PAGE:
So really, it’s this one issue of identify, and worth and beauty all sort of tend to lead back to it. So, as I’m saying, “Lord, give me something new to talk about it,” this is it. This is where we have to focus because they all branch out of this. So I’m happy to talk about it again today. So, let’s dig in.

None of this matters if you don’t know who you are based on what God’s Word says about you. I just want to share with you the most powerful truth I feel like the Lord revealed to me when I was writing Graffiti, which was my first book. It’s a book about beauty. It’s in Exodus. I hope you’ll turn there with me.

Exodus chapter 37 is a description of the Ark of the Covenant. What do you already know about the Ark of the Covenant? Just holler it out . . . gold; held the Ten Commandments; couldn’t touch it—yeah, I loved that story.

Okay, let me just give you the description of the Ark of the Covenant that’s found here in Exodus 37. This guy, I call him “Bez” because he has an Old Testament name, and I can’t even say it. So,

1Bezalel made the ark of acacia wood—two and a half cubits long, a cubit and a half wide, and a cubit and a half high. 2 He overlaid it with pure gold, both inside and out, and made a gold molding around it. 3 He cast four gold rings for it and fastened them to its four feet, with two rings on one side and two rings on the other. 4 Then he made poles of acacia wood and overlaid them with gold. 5 And he inserted the poles into the rings on the sides of the ark to carry it.
 6 He made the atonement cover of pure gold—two and a half cubits long and a cubit and a half wide. 7 Then he made two cherubim out of hammered gold at the ends of the cover. 8 He made one cherub on one end and the second cherub on the other; at the two ends he made them of one piece with the cover. 9 The cherubim had their wings spread upward, overshadowing the cover with them. The cherubim faced each other, looking toward the cover.
That’s a lot of words dedicated to the description of the Ark of the Covenant. The Bible tells us that all Scripture is God-breathed, and it is purposeful. Even the genealogies? Yes. They are purposeful. God doesn’t waste words in the Bible. God didn’t just tell people, “Well, write about this for a while and then write about that for a while, and the people might like to read about this.” No! It’s intentional.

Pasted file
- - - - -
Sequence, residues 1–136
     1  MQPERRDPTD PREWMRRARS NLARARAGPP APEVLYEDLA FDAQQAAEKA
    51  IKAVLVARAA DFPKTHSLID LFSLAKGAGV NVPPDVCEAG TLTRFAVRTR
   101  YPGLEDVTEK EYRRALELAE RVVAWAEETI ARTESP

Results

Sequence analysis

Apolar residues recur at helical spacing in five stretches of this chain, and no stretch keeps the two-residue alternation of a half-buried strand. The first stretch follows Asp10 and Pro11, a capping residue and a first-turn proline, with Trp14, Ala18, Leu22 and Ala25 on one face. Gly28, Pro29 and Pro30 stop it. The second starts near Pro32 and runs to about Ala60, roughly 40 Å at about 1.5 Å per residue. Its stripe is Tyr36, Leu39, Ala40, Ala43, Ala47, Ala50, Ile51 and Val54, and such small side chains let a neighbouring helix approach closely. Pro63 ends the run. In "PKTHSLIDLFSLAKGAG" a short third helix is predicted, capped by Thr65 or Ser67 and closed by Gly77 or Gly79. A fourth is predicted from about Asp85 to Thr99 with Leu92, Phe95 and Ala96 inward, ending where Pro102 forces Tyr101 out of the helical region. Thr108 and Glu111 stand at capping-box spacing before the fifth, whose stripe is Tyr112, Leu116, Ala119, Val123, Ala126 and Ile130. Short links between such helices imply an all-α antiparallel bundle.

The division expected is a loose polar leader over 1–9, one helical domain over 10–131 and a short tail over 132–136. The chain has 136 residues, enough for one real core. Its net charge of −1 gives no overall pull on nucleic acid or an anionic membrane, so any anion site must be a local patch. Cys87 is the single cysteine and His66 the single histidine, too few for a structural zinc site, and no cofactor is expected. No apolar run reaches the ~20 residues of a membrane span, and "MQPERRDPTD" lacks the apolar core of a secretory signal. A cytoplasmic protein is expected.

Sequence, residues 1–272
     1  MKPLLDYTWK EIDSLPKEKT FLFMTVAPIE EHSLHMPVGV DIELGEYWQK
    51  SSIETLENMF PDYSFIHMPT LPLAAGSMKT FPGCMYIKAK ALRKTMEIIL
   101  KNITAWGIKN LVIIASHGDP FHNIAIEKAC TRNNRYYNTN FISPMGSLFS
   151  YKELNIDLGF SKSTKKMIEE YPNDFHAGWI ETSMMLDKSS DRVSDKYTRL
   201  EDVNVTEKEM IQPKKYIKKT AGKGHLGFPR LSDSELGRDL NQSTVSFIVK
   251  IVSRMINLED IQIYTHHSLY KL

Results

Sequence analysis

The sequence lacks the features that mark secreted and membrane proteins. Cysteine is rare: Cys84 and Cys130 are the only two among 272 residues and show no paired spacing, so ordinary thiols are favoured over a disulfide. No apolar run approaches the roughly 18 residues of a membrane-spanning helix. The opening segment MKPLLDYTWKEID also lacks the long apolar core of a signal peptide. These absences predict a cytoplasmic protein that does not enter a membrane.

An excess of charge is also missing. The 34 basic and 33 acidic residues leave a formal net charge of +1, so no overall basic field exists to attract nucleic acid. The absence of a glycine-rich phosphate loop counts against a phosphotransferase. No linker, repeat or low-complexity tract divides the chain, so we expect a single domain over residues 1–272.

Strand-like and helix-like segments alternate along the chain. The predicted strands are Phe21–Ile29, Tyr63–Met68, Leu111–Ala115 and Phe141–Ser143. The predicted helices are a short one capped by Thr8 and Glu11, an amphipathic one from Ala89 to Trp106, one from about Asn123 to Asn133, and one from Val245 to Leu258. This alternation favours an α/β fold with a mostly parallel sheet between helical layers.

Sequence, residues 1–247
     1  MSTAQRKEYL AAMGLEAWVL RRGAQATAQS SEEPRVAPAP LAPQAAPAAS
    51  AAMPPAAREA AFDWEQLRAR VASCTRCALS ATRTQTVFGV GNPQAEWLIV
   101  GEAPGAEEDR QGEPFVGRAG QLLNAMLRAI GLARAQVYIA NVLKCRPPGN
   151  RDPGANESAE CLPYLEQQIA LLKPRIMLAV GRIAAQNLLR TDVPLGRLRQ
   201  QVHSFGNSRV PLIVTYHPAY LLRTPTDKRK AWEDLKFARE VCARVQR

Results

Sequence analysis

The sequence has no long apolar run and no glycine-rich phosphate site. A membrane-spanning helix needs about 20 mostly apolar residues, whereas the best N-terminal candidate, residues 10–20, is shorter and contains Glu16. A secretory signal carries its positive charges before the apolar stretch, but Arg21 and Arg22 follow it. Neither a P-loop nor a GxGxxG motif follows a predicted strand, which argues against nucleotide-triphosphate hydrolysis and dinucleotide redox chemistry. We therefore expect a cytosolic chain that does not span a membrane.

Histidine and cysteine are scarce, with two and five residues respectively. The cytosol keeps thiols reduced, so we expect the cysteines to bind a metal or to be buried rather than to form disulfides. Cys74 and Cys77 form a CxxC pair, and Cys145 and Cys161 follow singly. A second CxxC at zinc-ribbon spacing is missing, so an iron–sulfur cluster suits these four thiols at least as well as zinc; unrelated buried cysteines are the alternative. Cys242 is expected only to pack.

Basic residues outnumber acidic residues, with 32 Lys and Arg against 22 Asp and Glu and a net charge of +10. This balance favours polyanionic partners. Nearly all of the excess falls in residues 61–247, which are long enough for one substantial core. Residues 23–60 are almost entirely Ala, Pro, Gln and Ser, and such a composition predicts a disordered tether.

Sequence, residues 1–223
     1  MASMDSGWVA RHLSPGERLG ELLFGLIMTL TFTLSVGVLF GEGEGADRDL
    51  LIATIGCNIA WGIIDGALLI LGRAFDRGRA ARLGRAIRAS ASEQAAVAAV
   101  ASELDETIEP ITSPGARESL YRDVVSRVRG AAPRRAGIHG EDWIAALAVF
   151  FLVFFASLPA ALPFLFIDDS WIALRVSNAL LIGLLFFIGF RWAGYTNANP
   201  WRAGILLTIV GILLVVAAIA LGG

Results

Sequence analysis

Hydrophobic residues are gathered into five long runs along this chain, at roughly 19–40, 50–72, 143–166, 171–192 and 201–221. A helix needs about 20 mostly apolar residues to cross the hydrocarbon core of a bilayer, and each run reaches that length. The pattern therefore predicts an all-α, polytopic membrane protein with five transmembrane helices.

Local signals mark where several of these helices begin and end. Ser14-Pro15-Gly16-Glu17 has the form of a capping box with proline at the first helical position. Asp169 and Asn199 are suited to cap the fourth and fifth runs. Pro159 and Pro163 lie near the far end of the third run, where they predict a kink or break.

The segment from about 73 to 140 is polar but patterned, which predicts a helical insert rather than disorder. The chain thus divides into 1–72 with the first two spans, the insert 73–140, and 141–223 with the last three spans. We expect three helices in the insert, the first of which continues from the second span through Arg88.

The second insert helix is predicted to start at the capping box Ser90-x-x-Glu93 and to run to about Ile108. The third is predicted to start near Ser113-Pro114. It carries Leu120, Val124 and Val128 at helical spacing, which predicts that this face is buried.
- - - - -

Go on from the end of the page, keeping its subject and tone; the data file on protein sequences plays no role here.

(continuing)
The Bible dedicates two lengthy paragraphs to the description of the Ark of the Covenant. That should perk us up that that description matters.

There are lots of stories in the Bible about the Ark of the Covenant. One of my favorites—one of you mentioned—the Israelites were carrying the Ark of the Covenant through, like a parade, and the oxen that was carrying it stumbled, and this guy reached over just to steady the Ark of the Covenant, and what happened to him? He was struck dead instantly.

That passage used to really bother me, but he wasn’t a Levite. He was not supposed to be anywhere near the Ark of the Covenant. He was in disobedience. The Ark of the Covenant was so sacred, so holy, so significant, that that disobedience had a serious consequence for him.

There’s another story where the Israelites were fighting the Philistines. They’d lost 3,000 Israelites in one day, and they say to God . . . The elders come together, and they’re like, “Lord, why did You let us be defeated?” They call for the Ark of the Covenant to come. So the Israelites go and get the Ark of the Covenant, and they bring it into the Israelites’ camp.

The Bible records that the Israelites celebrated so loudly that the earth shook, and the Philistines who were nearby said, “A god has come in to the camp.” And they were right, but not just a god—our God; God of gods; Lord of lords; God Most High was in the camp.

Now the rest of that story is pretty fun. It involves boils and rats made of gold, so I encourage you to check it out. It’s a good story. Kinda weird, huh? Well, probably quite not that much. I kind of exaggerate.